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Finding a home for veterans services

September 28, 2010

Post & Mail photo/Chris Meyers Gene Rohrer sits at his home office for veterans services. He hopes to find a location in a county building for the office.

     From his second-story office, Korean War Veteran Gene Rohrer offers all the help he can for local veterans who need assistance to deal with a service-related disability.
     Rohrer is in his third year as the veterans service officer for Whitley County, but he feels it’s time the office found a permanent location and something more easily accessible than his office that has nearly two dozen steps up to it.
     “I just think it’s time that Whitley County veterans have their own office,” he said.
     The Woodlands Senior Center also offers space for him to use, and for that he is thankful, but somewhere in the Whitley County Government Center with set hours seems like the right fit to both Rohrer and county officials.
     He also makes house calls because many of them have a tough time getting up the two flights of stairs to his office.
    “I think it would be a good thing, at least for the veterans,” Whitley County Commissioner Mike Schrader said.
     Rohrer has volunteer help ready, but feels a secretary to help with typing would also be a benefit, and he wants to do it with volunteers so there’s no need to increase the budget.
     All he feels is needed is an average-sized room for the office with computer, fax machine, copier and printer.
     He feels any small open space in the government center or the courthouse could be used.
     While at the senior center, the room he uses is also used by SHIIP and other groups, but the senior center accommodates him with space.
     Aside from the need for a stable location, standard office hours with a dedicated phone line would also be a benefit of the program.
     The 2,714 veterans in Whitley County bring in about $11 million in assistance in one way or another, and that’s money spent in the area.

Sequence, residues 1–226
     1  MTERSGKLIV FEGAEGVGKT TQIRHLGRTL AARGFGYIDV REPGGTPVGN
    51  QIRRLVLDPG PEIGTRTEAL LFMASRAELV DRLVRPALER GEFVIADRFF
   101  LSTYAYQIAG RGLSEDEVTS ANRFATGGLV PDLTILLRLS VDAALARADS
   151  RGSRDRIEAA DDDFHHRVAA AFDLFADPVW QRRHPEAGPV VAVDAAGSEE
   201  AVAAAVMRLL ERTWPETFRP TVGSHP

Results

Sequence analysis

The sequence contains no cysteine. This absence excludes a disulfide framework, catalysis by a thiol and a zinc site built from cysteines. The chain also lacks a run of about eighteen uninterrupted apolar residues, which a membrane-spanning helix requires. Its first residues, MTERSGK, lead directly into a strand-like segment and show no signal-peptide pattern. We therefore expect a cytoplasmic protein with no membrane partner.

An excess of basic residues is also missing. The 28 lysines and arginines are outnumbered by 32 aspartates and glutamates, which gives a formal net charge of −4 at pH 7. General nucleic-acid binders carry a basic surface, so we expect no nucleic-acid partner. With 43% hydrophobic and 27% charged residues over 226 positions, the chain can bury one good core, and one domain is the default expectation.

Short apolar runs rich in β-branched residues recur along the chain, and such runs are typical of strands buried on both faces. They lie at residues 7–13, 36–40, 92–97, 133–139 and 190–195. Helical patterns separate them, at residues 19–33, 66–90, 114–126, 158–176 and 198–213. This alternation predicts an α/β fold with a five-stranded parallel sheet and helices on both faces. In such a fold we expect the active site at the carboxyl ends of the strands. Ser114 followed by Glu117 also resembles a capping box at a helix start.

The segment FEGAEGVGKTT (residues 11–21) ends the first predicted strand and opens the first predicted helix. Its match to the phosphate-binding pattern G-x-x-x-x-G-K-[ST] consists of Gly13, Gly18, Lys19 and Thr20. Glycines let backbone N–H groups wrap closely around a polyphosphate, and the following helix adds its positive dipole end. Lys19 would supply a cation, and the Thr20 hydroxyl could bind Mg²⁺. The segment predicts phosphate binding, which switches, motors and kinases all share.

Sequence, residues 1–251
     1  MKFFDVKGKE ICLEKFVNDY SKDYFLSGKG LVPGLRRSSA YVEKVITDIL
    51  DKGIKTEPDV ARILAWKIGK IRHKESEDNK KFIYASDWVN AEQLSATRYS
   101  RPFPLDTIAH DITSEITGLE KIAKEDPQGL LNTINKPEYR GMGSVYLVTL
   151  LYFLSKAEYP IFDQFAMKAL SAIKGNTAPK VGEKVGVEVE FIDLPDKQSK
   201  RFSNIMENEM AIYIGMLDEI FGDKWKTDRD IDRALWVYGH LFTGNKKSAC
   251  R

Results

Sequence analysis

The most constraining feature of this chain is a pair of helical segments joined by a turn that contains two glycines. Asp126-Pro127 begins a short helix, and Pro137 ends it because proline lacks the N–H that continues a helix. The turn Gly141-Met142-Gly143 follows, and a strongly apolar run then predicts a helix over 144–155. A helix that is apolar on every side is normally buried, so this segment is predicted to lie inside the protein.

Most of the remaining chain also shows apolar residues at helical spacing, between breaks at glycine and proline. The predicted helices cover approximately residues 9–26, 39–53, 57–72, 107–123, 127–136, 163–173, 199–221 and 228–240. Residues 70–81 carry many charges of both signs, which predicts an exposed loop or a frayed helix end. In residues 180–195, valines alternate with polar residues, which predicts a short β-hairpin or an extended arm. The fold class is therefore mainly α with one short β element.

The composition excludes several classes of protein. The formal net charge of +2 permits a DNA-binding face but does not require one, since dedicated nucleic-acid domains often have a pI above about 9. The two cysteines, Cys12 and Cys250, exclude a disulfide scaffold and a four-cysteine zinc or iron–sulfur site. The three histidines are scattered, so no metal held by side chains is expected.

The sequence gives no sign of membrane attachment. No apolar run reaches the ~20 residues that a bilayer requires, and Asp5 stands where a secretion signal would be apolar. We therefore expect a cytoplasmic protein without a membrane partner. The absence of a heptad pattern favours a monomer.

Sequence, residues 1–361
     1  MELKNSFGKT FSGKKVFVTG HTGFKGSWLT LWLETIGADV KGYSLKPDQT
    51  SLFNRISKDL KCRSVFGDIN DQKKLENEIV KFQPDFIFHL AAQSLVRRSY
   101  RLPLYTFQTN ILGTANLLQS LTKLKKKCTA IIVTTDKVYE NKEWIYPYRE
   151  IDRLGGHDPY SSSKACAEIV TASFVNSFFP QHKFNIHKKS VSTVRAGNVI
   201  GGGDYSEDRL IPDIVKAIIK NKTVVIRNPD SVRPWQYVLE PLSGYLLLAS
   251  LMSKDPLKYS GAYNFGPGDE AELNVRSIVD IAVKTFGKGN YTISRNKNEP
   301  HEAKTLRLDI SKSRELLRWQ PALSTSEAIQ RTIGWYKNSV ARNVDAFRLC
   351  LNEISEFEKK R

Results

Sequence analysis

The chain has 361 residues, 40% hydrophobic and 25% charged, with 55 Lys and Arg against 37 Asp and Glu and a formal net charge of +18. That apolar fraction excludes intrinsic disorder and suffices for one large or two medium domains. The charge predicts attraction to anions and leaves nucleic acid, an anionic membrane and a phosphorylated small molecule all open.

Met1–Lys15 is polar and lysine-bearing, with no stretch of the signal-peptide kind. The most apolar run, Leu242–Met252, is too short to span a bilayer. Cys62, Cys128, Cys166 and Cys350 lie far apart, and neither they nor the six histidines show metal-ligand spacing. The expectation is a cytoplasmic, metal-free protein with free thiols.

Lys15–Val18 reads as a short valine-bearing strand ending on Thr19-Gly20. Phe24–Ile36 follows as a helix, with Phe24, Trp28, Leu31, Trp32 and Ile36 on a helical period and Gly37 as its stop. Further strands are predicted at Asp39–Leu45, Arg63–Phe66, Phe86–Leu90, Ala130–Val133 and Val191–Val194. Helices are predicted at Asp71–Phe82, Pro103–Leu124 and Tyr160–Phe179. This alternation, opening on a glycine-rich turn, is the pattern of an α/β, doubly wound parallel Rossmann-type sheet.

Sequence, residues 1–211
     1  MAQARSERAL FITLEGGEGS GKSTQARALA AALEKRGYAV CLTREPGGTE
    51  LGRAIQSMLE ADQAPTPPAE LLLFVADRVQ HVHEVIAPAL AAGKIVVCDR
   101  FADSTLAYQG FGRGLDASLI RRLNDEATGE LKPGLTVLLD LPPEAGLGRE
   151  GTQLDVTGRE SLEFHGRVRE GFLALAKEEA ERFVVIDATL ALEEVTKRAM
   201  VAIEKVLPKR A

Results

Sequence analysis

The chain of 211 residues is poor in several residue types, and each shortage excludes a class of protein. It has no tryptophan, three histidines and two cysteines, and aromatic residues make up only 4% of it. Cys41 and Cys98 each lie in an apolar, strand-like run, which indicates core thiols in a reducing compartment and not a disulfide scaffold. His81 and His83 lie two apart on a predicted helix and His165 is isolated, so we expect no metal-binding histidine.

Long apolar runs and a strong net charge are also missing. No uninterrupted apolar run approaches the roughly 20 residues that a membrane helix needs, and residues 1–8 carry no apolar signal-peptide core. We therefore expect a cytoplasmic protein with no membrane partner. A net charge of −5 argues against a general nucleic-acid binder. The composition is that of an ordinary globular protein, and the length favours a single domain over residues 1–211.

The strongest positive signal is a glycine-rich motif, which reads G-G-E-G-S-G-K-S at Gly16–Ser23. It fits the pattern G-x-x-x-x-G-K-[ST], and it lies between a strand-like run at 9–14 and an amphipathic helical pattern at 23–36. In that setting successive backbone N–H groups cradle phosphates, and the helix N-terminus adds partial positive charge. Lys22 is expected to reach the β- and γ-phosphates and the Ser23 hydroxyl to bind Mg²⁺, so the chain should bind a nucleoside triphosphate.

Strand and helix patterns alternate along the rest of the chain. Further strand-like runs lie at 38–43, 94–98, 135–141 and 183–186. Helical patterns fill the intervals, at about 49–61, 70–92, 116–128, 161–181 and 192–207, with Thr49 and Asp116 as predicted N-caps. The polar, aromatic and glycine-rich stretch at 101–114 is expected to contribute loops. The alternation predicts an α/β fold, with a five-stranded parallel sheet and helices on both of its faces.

“There’s a direct correlation between how much work the veteran’s service officer puts in and how many veterans he helps and how much money the county gets back,” Rohrer said.
     He gets an annual pay of $5,970 for the work he does to get those veterans assistance, but he’s not asking for more compensation, just a place for the office to call home that’s easily accessible and centrally-located.
     “I knew what the job paid when I got into it,” he said.
     By comparison to counties with similar numbers of veterans to Whitley County, Clinton County pays its veterans service officer $12,000 and offers a support staff and brought in $6 million in assistance to veterans.
     DeKalb County pays its position $40,000, and Huntington County pays $32,000 to the service officer and $27,000 for a secretary, but the county brought in $11 million to veterans in need.
     Rohrer helps veterans from Korea and Vietnam, and he is now getting Iraq and Afghanistan veterans.
     “These guys are getting beat up, when you have to go back three or four times,” Rohrer said, and he feels the newest veterans will have more disabilities than veterans from the past because of what have now become survivable injuries.
     The most recent veterans are somewhat more knowledgeable on the electronic needs for the forms and other requirements, but the system can sometimes be tricky, and that’s where Rohrer lends a hand.
     But veterans from Vietnam also seek more assistance now than when they returned because of the disgust many of them had with the federal government.
     Aside from disabilities related to service, he also helps widows with available assistance and enrolls veterans in the VA hospital.
     The county currently pays Rohrer $100 a month for rent for his home office.
     For Schrader and Rohrer, a place in a county building would allow that money in the budget to be used for other needs in the office.
     “I’m not asking them to put out a lot of money,” Rohrer said.

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